We had hoped that An Extra Slice would be an opportunity to address such bias. We'd already discussed who who might be on the panel. Surely there'd be at least one vegan. Maybe Simon Amstell or Sarah Pascoe or Romesh Ranganathan. But no. Although, Jo Brand confessed that her daughter was vegan, and would be challenging her on some of the show's content, the negative preconceptions continued.
Some time after 7:30pm (more than six hours after our initial arrival), Tom Allen finally came down to the audience to see what we'd baked. Clearly, the panellists would want to try Corrado's mille-feille and Filitsa's cat cake. And sure enough, Tom headed for Corrado - asking him how he'd made such an amazing pastry. But he didn't choose to take it to the panellists to try.
Naturally, I couldn't imagine them wanting to try my tofu cake - which was now leaking apricot jam! So I was shocked when Tom came to me next. After several hours under the studio lights, and in the wake of absurd questions from an acerbic comedian that does this for a living, I didn't fare as well as I'd have liked. I still don't know how I should have responded to "what's fu-ing?" But, just moments later, I regretted giving such a literal answer to his question about tofu absorbing the flavour of meat, and wished I had instead pointed out that cooks marinade meat, or coat it with herbs and spices, so it would make much more sense to have tofu absorb those flavours directly. I'll just need to keep that answer for next time! And remember how different this situation is to typical vegan advocacy where we have more control over the environment, the direction of the conversation, and even the editing.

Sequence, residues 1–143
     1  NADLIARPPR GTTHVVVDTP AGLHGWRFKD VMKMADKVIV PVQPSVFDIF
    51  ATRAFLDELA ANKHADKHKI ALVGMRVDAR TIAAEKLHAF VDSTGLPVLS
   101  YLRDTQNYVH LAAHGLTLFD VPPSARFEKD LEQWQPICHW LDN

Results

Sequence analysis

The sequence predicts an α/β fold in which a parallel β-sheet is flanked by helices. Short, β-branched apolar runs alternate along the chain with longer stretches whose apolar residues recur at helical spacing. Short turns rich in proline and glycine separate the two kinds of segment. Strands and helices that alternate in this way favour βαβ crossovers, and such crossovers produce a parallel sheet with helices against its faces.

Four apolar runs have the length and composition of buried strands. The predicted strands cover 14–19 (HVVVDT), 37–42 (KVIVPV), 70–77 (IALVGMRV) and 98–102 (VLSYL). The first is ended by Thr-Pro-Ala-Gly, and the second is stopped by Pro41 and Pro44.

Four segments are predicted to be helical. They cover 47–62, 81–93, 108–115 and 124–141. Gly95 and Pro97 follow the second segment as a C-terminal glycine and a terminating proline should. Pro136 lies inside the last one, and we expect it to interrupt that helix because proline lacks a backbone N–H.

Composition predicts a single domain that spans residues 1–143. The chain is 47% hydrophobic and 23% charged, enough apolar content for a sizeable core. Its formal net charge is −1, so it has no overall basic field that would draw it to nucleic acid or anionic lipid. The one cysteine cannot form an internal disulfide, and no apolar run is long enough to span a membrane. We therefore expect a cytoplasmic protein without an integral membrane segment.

Such advocacy also reminds me how important it is to focus on the oppressed, i.e. how our movement exists to oppose the exploitation of nonhuman animals. Generally speaking, vegans are not an oppressed group; nonhuman animals are. Nevertheless, prejudice and discrimination towards vegans does exist. And veganism fulfils the criteria of a protected belief under the Equality Act 2010. So organisations do have a responsibility to act fairly towards vegans. And I wonder whether the diets, beliefs and advocates of various religions would have been denigrated so...
A couple of days later, Bron summed up my feelings perfectly:
I’m happy with how things have changed, and are changing rapidly, [but] I will never deny that there is still a lot of work to do.
So I'm grateful that those behind The Great British Bake-Off chose to include plant-based baking, and to put the word 'vegan' in front of so many prime-time viewers. It's particularly pleasing to to hear that one of the contestants, Manon is trying veganism for a month. Clearly I'm going to need to switch my allegiance! (Sorry, Ruby.) And I can't blame either Love Productions or the presenters for reflecting the attitudes of a wider society that endorses systemic exploitation.
But those attitudes demonstrate how much there is still for us to do. While the inclusion of a plant-based episode in the current season of The Great British Bake-Off is undoubtedly a reflection of how far veganism has come in the past few years, the show's treatment of the topic is a reflection of how far we have yet to go.
We need to continue to encourage more non-vegan organisations to include veganism, but also to advocate for better representation by those that already do. And we need to ramp up our effort to educate companies, institutions, and the general public about what veganism is - and even more importantly, about why.
For the animals. For the environment. For humanity.